All the wines in our top ten this week have one thing in common. They are all deliciously sweet and sticky, but not sickly at all – they have great natural freshness and balance.
The festive meal is a perfect excuse to tuck into sweet wines with the Christmas pud, port for the cheese and madeira with the cake and nuts for fireside sipping.
SWEET DESSERT WINES
Chile Tabali Encantado Late Harvest Muscat 2010
(£7.99 for hf bt, Waitrose; www.virginwines.co.uk)
The best value sweet dessert wine on the market – every time I serve this at a tasting people gasp with delight when they hear the amazing price of this gently sweet honeyed wonder from the Limari valley in northern Chile.
Spain Ariyanes Naturelmente Dulce 2007 Bodegas Bentomiz
(£14 for 50cl bt, www.indigowine.co.uk)
Quite simply an amazing dessert wine from Malaga – perfumed, crisp minerality, sweet but so refreshing and unfortified with 13 per cent alcohol. Forget the Malaga of old – this is sensational stuff.
Italy Torcolato 2008 Maculan
(£22 hf bt, Majestic Wine)
Dried apricots and quince, figgy caramel sweetness with beautifully judged acidity: this blend of vespaiolo and garganega grapes is made by fanatical winemaker Fausto Maculan in Breganza in northern Veneto. It’s an unusual dessert wine for the Christmas pud.
Hungary Disznoko Tokaji 5 puttonyos Aszu 2007
(£26.99 for 50cl bt, Waitrose)
Tokay is always my family’s top choice for serving with Christmas pud: the marmalade, quince, dried apricots and liquid caramel flavours are superb matched with raisiny desserts.
Italy Le Colombare 2009 Pieropan
(£24 hf bt, Valvona & Crolla,
I visited Pieropan in the centre of Soave’s quaint town this autumn to watch them laying out their gargenega grapes on straw mats to dry after harvest. This is the result of five months’ drying and two years in barrel: sublime Recioto di Soave with 135g/l sweetness – match with panacotta and fruit, but enough sweetness to cope with the festive pud.
Australia Campbells Rutherglen Muscat
(£11.49 hf bt, Waitrose)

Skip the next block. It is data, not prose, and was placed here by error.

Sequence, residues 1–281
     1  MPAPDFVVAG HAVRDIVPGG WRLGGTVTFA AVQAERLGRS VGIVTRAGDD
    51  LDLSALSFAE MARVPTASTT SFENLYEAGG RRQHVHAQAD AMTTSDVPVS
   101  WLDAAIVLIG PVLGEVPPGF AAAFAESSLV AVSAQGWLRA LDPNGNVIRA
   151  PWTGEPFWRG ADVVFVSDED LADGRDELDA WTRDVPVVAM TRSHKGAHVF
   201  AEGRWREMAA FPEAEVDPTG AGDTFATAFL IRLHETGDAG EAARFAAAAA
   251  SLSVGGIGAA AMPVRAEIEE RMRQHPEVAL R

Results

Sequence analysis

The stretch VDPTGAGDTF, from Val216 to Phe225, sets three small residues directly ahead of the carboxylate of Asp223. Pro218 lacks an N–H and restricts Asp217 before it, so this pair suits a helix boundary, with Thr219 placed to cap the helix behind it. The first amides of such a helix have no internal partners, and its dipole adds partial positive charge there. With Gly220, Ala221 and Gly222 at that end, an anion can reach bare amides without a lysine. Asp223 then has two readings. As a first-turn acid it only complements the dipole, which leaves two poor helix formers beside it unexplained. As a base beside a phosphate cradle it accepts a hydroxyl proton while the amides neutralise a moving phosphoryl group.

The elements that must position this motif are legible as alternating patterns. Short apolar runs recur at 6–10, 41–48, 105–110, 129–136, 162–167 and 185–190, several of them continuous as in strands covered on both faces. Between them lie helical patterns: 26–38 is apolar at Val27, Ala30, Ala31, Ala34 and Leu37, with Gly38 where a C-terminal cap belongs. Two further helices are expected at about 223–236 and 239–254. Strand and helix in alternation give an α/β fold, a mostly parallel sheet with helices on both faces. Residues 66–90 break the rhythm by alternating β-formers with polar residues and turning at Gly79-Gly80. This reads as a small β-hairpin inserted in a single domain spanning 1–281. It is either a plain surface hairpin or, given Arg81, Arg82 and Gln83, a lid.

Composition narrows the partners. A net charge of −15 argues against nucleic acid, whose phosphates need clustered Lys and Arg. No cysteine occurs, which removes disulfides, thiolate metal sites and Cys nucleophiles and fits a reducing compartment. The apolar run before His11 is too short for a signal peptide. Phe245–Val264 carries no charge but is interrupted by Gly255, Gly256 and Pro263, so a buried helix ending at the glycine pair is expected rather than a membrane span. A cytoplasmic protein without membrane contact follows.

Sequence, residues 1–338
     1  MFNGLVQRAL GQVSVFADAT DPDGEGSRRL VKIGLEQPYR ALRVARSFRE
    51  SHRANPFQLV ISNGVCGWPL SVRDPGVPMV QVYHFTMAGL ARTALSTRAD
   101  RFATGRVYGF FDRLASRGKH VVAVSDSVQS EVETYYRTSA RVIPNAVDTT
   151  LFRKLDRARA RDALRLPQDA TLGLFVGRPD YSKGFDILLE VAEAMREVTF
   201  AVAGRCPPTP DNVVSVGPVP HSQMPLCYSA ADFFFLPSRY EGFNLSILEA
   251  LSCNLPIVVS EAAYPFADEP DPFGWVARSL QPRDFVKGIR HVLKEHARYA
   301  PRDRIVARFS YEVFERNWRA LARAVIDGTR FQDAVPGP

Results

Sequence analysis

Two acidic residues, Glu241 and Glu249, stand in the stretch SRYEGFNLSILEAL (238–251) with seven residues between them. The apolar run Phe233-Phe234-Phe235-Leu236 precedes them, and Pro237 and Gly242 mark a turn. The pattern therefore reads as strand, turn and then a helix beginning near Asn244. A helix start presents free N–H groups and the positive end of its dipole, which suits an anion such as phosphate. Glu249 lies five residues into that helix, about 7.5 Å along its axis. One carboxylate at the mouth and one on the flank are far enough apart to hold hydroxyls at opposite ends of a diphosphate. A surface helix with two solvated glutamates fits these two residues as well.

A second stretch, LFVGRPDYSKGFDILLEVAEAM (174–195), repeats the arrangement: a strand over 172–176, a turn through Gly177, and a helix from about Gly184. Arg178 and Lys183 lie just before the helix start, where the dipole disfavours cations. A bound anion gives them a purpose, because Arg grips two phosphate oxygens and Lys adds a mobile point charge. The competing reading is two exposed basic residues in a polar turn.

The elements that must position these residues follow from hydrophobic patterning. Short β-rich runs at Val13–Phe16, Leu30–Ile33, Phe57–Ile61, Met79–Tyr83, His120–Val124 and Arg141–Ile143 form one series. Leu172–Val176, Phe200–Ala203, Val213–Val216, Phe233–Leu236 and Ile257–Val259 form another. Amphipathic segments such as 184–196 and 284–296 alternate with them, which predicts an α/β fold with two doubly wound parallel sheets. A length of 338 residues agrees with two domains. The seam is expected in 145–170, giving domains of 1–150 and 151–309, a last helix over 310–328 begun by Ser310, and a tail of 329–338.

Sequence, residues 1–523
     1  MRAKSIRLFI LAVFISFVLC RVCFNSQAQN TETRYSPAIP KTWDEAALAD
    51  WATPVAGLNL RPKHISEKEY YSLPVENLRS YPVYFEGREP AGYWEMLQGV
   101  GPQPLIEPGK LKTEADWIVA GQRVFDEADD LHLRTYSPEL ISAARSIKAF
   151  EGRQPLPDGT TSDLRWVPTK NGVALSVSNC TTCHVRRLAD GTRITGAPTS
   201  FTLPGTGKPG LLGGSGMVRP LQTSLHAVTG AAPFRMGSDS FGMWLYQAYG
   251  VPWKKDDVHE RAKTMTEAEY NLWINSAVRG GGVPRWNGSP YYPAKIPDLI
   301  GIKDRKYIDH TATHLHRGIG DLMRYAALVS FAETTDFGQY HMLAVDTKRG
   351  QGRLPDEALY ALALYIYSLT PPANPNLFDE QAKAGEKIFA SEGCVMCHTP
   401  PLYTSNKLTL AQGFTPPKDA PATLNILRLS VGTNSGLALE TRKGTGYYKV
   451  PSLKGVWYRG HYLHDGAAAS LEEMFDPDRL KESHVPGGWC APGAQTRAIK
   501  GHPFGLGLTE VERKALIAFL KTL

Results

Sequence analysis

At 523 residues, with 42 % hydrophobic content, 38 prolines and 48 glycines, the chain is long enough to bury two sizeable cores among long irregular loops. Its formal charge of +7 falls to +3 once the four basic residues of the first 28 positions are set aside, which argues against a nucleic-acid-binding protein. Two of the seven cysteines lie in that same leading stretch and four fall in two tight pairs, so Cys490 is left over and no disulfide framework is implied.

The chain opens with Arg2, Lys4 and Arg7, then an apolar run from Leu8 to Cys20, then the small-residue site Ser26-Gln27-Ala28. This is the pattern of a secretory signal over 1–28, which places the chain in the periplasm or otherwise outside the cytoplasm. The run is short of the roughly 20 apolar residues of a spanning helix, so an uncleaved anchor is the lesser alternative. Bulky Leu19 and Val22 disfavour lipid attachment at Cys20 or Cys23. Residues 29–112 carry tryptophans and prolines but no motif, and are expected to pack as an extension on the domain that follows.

A staple favourite for its beautiful caramel sweetness, unctuous dried fruit flavours and excellent price. From the wonderful fourth-generation Campbells based in hot arid Rutherglen in northeast Victoria. It might have 17.5 per cent alcohol, but it is supremely balanced. Still a great value sweetie.
Portugal Noval Colheita 1997
Complex nutty tawny from one harvest from the famous Quinta do Noval estate in the Douro. Matured for a minimum of seven years in cask: an unusual port to serve with the nuts and figs.
PREMIUM RUBY PORT
Portugal Grahams LBV 2007
(£12.99, Tesco, Morrisons; Waitrose; Sainsbury’s)
Christmas is the time to snap up treats like this at a knock-down price. Grahams’ style is sweet and unctuous compared to other port houses. Grahams is the port you give to your friends.
Spain Alvear Pedro Ximenez de Anada Solera 192
(£13.99 hf bt, www.oldbridgewine.co.uk; www.more nowines.com)
Considering the depth of flavour and intensity of this wine (it has 16 per cent alcohol) – this has an absurdly low price tag for such an old wine: the solera was started 80 years ago. Montilla-Moriles is Spain’s hottest wine region, once overshadowed by sherry from Jerez now enjoying a revival – serve with Christmas pud, drizzle over ice cream or sip by the fireside.
Madeira Henriques and Henriques Ten year old Malmsey
(£16.99 for 50cl, Majestic Wine)
The richest most opulent style of madeira with suitably raisined flavours, lemon peel notes and baked nutty undertones. Malmsey might be sweet, but madeira always has a fabulous natural fresh acidity to match with the Christmas cake.